Accentuate the Positive
When it comes to gemstone enhancements and synthetics, our industry is
positively grim. Of course, when television personality Diane Sawyer finds
out her own beautiful ruby necklace is made up of undisclosed synthetics,
it's easy to see why no one is smiling. I kept wondering if Mike Nichols,
her famously funny husband, was still able to smile. Or did some jeweler
reel from his chewing out the day after she revealed on national television
that her necklace was synthetic? Will a wickedly funny movie skewering jewelers
be on director Nichols' short list next year?
I know I appear to be making light of something we all consider to be
very serious. But if we don't laugh, we'll cry. I'd rather laugh and do
something than cry and do nothing.
There are so many factors to think about. First, you have to be vigilant
about the many gemstone treatments, synthetics and imitations, with more
coming every day. We at Professional Jeweler pledge to report on
the latest developments and on efforts to root out the jerks who try to
deceive you. Keep reading, taking courses and learning. A good defense is
better than the ostrich approach.
Next, there is the training issue. In all the television exposés,
there are discouraging examples of clueless sales associates, along with
the intentional deceivers. View training as a learning opportunity; a lot
of today's treatments and synthetics are truly amazing, involving advances
in technology, science and gemology that probably would boggle the mind
of a gemstone pioneer such as Robert Shipley.
You can engage your staff in a fact-finding mission using today's on-line
research capabilities. Get each sales associate to research a treatment
by computer during work hours, then hold weekly meetings to share the results.
I know who has time? Other retail industries don't have so much to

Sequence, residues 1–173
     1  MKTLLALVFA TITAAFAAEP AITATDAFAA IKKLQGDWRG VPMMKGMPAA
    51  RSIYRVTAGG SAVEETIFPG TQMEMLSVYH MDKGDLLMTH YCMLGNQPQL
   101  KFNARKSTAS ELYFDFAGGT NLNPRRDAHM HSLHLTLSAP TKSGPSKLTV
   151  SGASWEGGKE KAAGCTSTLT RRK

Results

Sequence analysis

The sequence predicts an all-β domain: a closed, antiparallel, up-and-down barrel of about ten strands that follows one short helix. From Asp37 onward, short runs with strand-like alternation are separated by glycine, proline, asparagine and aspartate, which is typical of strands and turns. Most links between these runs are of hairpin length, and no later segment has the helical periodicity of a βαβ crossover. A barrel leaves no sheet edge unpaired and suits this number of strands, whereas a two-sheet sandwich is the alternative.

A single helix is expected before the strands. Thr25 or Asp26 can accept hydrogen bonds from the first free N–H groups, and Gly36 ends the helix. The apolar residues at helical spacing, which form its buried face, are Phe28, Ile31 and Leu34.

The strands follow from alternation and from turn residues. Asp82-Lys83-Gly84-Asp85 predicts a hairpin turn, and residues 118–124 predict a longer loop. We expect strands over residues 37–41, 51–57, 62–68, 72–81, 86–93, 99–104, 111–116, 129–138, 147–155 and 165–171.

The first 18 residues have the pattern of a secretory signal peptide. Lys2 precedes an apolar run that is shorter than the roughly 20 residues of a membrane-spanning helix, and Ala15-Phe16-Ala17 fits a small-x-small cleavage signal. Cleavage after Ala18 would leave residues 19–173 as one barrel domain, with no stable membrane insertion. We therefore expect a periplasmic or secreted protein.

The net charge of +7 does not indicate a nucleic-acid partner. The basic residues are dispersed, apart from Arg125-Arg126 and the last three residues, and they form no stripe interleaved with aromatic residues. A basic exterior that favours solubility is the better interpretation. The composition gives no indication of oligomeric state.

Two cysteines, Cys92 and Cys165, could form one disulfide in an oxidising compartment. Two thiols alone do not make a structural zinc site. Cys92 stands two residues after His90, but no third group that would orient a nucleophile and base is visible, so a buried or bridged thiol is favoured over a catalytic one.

learn, right? Wrong. Think of the fast food industry. Remember when environmentalists
went after McDonald's because of its styrofoam boxes? Your burgers aren't
as hot now, but McDonald's learned. What about the nutritionists? Fast food
chains answered their health concerns with salads, grilling and other innovations.
Every industry has to keep educated and respond to people's concerns.
The most important issue concerning gemstone treatments, however, is
being examined by a new Jewelers of America task force. The industry needs
to ban the negative connotation we've all given treatments. JA Education
Director Bev Hori told me she'd like us all to stop using the loaded word
"disclosure" in favor of a more neutral or positive term. Today's
treatments, when explained honestly, are often fascinating stories that
can be explained as part of a range of choices. Consumers will need some
time to stop viewing treatments and synthetics with suspicion because that's
how we've all viewed them for so long. But treatments and synthetics are
here to stay, especially given consumers' clear interest in quality merchandise
that's also a good value. A beautiful treated gemstone, in the eyes of many
consumers, is better than a lousy untreated one.
by Peggy Jo Donahue
Copyright © 1998 by Bond Communications.